Cataracts are the leading cause of visual loss in adults age 55 and older and the leading cause of blindness worldwide. By age 65, about half of the human population has a cataract, and by age 75, almost everyone has some form of cataract. However, cataracts are highly treatable, and through advances in both cataract surgery and the intraocular lens implants, more people are experiencing full restoration of their vision than ever before.
Cataract treatment and options
Although stronger eyeglasses or brighter lighting may help relieve symptoms of a cataract in the early stages, surgery is the only cure and the most common form of treatment. In fact, millions of people undergo this vision-saving procedure each year. Cataract surgery is a relatively simple outpatient procedure where the eye’s natural lens is removed and replaced with an artificial lens, called a intraocular implant (IOL).
Why do you need an intraocular lens implant?
Much like a camera, your eye’s natural crystalline lens plays an important role in focusing images. When a cataract clouds the lens, it makes it virtually impossible to see clearly. When your cataract progresses to the point that daily tasks become difficult and interferes with your quality of life, you will need cataract surgery. During surgery, your eye’s natural lens will be replaced by an intraocular lens, or IOL. An intraocular lens is an artificial lens made of silicone or acrylic that performs the function of the eye’s natural lens. Most of today’s IOLs are around a quarter of an inch in diameter and soft enough to be folded so they can be placed into the eye through a very small incision.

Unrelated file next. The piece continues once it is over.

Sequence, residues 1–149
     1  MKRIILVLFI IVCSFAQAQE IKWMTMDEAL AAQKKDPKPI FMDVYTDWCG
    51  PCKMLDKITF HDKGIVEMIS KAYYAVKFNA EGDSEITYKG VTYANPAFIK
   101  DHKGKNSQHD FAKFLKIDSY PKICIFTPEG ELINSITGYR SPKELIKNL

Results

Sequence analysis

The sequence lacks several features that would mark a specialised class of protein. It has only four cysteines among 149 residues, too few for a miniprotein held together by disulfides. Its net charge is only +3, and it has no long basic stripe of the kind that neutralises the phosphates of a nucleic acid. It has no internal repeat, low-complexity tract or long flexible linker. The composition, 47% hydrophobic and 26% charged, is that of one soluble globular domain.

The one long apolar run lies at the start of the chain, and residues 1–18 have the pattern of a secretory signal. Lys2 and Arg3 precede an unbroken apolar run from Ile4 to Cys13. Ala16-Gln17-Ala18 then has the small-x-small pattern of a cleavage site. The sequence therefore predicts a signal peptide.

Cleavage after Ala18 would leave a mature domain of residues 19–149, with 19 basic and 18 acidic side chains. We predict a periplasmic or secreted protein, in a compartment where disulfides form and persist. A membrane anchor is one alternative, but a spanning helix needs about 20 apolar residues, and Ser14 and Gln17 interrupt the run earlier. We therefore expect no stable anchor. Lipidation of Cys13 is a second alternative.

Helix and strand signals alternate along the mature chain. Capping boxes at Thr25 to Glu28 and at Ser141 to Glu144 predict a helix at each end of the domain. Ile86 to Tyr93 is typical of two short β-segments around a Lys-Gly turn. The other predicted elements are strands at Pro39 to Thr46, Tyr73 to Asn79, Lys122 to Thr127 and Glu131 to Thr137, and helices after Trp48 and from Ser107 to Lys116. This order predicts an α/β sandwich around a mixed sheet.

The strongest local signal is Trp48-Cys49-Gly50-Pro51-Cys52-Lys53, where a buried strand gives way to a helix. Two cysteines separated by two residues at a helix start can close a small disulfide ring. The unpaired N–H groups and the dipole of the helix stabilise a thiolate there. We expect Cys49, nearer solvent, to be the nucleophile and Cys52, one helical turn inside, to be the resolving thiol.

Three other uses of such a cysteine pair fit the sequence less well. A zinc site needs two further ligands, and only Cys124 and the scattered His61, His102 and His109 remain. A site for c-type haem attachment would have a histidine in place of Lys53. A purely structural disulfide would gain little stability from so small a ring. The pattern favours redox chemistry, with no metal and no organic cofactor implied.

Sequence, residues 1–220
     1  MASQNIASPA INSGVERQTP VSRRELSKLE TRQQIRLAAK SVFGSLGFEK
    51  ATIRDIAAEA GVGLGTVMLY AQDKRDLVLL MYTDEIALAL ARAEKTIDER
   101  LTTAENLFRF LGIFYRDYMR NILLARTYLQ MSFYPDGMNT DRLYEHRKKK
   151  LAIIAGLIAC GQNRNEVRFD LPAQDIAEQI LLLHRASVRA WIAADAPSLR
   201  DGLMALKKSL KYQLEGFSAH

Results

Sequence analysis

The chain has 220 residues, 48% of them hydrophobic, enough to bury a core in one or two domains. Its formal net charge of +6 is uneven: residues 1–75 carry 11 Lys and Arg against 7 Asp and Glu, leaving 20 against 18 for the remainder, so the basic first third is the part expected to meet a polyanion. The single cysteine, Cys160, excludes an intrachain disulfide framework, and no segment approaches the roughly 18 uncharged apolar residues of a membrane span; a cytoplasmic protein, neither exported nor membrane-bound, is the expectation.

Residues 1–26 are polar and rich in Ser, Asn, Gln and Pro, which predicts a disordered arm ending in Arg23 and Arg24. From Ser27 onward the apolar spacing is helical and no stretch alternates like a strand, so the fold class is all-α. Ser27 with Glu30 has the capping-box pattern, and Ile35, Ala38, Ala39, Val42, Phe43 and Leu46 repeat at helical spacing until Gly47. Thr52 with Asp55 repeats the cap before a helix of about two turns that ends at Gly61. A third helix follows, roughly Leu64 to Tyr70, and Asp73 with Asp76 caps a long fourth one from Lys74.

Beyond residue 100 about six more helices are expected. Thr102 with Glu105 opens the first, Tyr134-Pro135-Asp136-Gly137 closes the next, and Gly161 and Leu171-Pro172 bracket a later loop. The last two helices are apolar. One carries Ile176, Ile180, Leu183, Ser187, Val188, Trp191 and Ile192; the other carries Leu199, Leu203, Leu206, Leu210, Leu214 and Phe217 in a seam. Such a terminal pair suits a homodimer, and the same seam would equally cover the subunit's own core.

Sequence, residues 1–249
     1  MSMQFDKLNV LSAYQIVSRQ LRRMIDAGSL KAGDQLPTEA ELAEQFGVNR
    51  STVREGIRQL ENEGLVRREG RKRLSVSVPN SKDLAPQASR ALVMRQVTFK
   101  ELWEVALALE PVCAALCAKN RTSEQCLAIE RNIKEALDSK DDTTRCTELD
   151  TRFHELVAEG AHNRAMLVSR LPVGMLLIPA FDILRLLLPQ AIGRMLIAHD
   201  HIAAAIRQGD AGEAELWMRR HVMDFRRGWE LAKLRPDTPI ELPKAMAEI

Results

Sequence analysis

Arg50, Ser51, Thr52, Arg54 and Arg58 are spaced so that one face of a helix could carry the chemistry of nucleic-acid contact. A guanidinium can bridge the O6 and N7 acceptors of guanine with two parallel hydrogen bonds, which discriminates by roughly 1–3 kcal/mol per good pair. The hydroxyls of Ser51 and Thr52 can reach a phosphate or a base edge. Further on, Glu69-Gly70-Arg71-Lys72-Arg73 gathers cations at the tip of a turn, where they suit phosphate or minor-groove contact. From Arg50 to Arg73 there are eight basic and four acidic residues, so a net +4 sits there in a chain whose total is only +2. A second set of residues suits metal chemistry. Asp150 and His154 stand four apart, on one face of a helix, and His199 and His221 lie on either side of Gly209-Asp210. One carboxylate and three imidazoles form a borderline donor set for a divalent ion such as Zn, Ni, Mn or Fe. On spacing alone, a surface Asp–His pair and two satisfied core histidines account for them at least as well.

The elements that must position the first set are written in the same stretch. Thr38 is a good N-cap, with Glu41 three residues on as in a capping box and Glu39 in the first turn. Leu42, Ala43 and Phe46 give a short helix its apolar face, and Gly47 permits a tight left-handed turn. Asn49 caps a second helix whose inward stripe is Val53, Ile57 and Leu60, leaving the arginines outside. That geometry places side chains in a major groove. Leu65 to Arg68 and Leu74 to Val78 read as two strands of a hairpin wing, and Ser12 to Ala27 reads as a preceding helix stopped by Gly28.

Intraocular lens options
Medicare and Health Plan benefits cover surgery with a standard, or monofocal, lens implant. However, you may choose to receive a specialized lens for an added fee. Private insurance policies vary, but many also offer policy holders the choice of receiving a specialized lens as long as they pay the difference.
Astigmatism Correcting Intraocular Lens
Astigmatism is a common condition that may cause blurred vision. The distorted vision is due to the eye’s cornea (corneal astigmatism) or lens (lenticular astigmatism) having an irregular shape.
Astigmatic patients who are planning cataract surgery can request the use a Toric IOL during their lens replacement – treating the cataract and the astigmatism at the same time. The Toric IOL is ideal for cataract patients with regular, pre-existing astigmatism.
Premium Multifocal Intraocular Lens Implants
What is a multifocal lens implant? Unlike the monofocal lens that will focus light to only one point in space, A multifocal lens has more than one point of focus. It corrects vision at distance, intermediate and near. If you are a good candidate for these lenses, this options gives you the best possible chance to reduce your dependence on glasses.